US Senator Bernie Sanders has called for changing the Electoral College, in the wake of the electors’ overwhelming vote to seal President-elect Donald Trump’s November 8 victory.
Presidential electors gave Trump 304 votes as they reconvened to cast their ballots on Monday, 34 votes more than the 270-vote threshold he needed to secure the presidency.
Trump’s Democratic rival Hillary Clinton won 227 votes, despite winning the popular vote by a margin of more than 2.5 million.
“We need to change the Electoral College,” tweeted Sanders, who ran a strong campaign against Clinton for the Democratic nomination.
“Trump received 2.5 million fewer votes than Clinton, yet he’ll soon be president. Clearly, in a democratic society, this shouldn’t happen,” he fumed in a second tweet.
This was not the first time that the Vermont senator was questioning the American way of electing a president into office.
Following Trump’s surprise victory against Clinton, Sanders told CNN that the process was “unfair” and “on the surface a little bit weird” because the former secretary of state was ahead in the popular vote.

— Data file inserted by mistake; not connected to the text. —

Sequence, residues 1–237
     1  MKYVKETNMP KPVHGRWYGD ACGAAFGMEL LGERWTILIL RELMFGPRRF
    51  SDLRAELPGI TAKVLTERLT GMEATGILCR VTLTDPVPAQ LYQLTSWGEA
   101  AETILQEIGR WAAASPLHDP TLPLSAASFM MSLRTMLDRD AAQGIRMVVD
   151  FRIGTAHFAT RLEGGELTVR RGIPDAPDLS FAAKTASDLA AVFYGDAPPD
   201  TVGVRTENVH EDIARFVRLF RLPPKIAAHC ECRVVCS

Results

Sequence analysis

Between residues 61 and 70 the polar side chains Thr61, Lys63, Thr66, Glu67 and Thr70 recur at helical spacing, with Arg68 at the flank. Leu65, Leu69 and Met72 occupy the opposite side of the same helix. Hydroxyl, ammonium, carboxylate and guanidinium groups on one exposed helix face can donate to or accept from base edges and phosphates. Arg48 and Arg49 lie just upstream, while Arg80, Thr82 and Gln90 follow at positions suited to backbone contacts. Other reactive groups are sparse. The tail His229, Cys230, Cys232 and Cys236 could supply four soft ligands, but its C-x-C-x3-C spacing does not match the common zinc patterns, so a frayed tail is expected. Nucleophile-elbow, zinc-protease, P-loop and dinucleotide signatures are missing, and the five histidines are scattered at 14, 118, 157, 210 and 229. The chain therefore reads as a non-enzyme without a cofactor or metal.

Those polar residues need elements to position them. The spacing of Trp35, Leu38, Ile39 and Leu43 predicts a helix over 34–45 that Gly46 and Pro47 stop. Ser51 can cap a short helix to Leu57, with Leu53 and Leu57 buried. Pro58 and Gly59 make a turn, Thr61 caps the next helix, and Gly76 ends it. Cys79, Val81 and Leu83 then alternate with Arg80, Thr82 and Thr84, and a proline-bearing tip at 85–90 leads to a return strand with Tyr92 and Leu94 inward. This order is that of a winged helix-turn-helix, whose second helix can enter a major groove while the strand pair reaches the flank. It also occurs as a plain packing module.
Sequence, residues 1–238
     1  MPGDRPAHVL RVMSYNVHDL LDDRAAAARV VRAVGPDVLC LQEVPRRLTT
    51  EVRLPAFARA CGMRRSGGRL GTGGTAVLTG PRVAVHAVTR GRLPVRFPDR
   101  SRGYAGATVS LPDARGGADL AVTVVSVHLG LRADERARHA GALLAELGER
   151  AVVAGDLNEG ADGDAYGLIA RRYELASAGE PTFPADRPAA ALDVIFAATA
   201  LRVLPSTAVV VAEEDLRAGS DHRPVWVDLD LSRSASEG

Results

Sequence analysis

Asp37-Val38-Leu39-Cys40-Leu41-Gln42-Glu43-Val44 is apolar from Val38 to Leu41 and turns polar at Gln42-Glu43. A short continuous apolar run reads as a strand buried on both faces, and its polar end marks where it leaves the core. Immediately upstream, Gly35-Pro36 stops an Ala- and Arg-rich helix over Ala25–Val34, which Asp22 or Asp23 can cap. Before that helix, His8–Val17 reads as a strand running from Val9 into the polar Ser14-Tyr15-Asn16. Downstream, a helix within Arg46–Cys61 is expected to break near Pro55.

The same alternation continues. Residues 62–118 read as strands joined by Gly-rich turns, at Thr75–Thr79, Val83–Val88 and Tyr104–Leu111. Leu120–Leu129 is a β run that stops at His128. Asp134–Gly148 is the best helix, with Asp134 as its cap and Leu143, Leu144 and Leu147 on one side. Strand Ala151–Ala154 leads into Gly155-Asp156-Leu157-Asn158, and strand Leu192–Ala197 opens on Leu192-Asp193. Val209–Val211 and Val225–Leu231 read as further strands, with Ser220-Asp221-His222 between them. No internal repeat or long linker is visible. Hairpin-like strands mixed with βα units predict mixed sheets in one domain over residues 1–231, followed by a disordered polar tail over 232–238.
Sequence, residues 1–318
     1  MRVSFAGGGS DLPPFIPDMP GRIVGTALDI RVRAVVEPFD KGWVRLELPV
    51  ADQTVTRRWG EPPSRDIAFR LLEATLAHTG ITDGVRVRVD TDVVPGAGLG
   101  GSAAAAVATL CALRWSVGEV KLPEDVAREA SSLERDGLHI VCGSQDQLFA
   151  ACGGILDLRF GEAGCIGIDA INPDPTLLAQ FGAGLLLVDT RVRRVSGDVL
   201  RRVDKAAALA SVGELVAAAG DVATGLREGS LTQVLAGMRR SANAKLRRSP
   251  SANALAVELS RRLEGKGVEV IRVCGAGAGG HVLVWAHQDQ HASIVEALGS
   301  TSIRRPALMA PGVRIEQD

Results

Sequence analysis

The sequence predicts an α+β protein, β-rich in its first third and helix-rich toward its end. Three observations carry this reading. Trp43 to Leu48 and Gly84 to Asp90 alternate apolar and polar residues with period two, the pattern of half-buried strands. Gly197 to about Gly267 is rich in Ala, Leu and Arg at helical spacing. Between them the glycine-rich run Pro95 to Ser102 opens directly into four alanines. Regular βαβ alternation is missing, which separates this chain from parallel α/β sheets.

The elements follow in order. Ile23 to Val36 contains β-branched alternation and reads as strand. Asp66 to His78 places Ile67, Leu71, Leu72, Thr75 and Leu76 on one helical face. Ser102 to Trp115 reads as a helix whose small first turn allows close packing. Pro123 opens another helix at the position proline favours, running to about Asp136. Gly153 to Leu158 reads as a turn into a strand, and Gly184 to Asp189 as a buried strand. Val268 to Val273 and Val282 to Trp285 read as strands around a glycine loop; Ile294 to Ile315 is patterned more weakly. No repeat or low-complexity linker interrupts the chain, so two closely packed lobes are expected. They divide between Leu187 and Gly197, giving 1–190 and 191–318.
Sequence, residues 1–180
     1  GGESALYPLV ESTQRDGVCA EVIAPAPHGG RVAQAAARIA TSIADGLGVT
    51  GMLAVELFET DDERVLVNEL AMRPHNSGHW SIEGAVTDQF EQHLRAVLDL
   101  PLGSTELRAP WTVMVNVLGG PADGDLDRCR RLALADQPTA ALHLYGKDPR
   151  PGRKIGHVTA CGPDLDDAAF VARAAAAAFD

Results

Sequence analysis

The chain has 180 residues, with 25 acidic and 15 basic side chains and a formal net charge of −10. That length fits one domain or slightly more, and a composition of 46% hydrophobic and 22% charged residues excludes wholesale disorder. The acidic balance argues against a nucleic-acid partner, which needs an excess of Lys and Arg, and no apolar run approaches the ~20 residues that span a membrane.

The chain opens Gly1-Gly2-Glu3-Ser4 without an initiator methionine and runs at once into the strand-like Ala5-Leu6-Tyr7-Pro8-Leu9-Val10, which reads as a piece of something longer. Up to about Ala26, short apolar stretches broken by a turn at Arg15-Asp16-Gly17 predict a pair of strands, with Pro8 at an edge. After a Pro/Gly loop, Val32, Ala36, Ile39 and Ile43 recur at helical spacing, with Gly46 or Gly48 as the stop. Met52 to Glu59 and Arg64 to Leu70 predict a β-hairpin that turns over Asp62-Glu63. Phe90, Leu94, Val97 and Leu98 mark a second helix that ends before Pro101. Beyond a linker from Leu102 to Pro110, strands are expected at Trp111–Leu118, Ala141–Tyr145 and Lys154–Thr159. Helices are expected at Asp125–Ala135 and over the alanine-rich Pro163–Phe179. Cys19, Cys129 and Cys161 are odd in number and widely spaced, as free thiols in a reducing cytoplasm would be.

“And then what ends up happening is campaigns are basically about 16, 17 states, battleground states, in this country, and I think that’s unfair to the other 30-plus states that would also like to be part of the political process,” he said at the time.
Meanwhile, The New York Times, which had officially endorsed Clinton, echoed the senator’s views in an editorial titled “Time to End the Electoral College.”
The Election Day results pointed to a 306-232 win for Trump in the Electoral College.
The projection was engulfed in doubt when some presidential electors started an insider effort to convince other members to break away from Trump and reduce his votes to beneath the required threshold.
However, it was the Clinton camp that saw the most defections as three electors opted for former secretary of state Collin Powell. Sanders and Native American leader Faith Spotted Eagle also received one vote each.
The vote came as Democrats, including President Barack Obama, alleged that Trump had won the White House through Russian support, an allegation denied by both Moscow and the Trump campaign.